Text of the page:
Notes on Hell

Arturo, JMN

Arturo, JMN.

Flight has been prominent in my life. Not the aerial kind but the fleeing kind.

I vaguely recall that Sartre’s play “Huis Clos” (No Exit) ends with several people enclosed in a room condemned for all eternity to talk at and past each other with no escape. Sartre concludes, “L’enfer, c’est les autres.” Hell is other people.

My personal take on the matter is that maybe Hell is not others but oneself. How would that go in French? “L’enfer, c’est soi-même”?

As a newly minted scholar in an abstruse field I landed an assistant professorship at the University of State-Somewhere, a hyphenated campus of a good school.

In year two I realized my destiny there was to teach basic language classes to students majoring in other disciplines. I should’ve gotten a masters in applied linguistics to do that, I told myself, not a doctorate in fuzzy studies

In year five I pitched translation as a new offering to ground my discipline in something practical. It was a hail Mary, and brutally swatted down in my annual performance review.

My tenured superiors had noticed by then that my student evaluations, glowing at first, were now in the toilet. I knew I was doomed. I gave notice, to spare them and me my firing, and limped lame-duckedly through year six while they searched for my replacement. I fled the scene but took myself with me.

In the last stage of my academic unraveling I convinced a good person to join me in having another go at marriage, the second one for both her and myself. What could go wrong?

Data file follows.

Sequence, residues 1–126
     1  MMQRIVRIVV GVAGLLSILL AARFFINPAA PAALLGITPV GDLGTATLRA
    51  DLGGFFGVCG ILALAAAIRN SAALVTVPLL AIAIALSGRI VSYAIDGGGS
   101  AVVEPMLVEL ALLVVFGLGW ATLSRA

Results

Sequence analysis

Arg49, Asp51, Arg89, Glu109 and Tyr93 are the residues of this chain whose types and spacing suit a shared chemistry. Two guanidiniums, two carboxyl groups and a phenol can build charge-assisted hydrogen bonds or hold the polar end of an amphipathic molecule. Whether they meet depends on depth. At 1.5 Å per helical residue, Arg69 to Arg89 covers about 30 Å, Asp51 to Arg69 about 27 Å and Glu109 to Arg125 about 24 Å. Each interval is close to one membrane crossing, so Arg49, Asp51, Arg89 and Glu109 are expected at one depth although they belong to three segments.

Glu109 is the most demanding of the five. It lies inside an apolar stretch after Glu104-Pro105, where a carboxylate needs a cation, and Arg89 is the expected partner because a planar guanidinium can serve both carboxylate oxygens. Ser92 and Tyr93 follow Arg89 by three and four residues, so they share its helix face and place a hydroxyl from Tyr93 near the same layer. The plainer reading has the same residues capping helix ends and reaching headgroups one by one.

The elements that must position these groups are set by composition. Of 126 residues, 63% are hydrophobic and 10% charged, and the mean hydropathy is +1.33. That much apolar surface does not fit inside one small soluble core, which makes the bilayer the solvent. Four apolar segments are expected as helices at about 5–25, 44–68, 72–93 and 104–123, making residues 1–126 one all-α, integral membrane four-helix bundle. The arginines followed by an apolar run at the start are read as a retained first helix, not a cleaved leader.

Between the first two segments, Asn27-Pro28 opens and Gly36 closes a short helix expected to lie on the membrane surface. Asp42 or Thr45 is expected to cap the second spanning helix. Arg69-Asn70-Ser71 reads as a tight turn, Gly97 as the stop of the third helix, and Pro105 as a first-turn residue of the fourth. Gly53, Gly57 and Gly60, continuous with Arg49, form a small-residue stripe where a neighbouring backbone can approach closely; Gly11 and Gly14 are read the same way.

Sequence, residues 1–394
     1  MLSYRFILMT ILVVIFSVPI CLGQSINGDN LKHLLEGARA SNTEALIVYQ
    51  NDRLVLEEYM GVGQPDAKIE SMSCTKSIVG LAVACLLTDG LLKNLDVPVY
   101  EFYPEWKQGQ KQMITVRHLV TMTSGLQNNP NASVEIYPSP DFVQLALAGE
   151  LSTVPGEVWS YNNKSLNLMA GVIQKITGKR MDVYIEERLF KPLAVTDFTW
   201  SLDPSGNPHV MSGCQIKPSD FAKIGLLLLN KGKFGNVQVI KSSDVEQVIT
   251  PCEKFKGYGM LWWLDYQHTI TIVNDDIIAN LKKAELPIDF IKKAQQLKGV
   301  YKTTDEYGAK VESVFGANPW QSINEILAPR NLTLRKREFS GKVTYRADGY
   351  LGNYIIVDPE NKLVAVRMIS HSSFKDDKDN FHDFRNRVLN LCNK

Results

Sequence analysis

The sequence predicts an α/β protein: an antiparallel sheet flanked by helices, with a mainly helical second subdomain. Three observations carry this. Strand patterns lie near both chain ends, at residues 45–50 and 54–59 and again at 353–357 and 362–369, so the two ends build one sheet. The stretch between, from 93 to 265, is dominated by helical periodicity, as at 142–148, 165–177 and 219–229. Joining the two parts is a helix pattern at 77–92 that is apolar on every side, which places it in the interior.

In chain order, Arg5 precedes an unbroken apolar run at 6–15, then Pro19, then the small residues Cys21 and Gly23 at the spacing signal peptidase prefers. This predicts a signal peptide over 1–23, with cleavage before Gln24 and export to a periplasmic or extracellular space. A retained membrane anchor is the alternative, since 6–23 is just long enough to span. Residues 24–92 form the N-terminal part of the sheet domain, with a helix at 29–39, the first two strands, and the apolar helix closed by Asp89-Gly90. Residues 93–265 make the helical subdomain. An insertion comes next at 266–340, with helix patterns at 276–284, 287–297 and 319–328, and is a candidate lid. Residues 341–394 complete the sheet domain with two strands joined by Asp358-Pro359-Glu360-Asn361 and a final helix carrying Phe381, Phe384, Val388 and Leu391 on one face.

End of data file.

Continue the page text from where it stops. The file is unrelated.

In marital year three I wasn’t overtly suicidal but may have exhibited a symptom: I started throwing away my personal effects. I destroyed the typewritten original copy of my dissertation. I carted all my books to the curb to be picked up by the garbage truck. (My wife asked me if I really wanted to do that, and prevailed on me to bring them back inside.)

An insidious voice in my head whispered that I was lightening my load for the moment when I’d find an exit again. As it happened, that moment was still several years away.

[Copyright (c) 2018 James Mansfield Nichols. All rights reserved.]

About JMN

I live in Texas and devote much of my time to easel painting on an amateur basis. I stream a lot of music, mostly jazz, throughout the day. I like to read and memorize poetry.
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2 Responses to Notes on Hell

  1. cindy knoke says:

    Well. I am very glad you are alive and able to tell your tale. Because if you were dead, you couldn’t tell your tales, and that would be a loss for me, and lots of other people too, including you.

    Liked by 1 person

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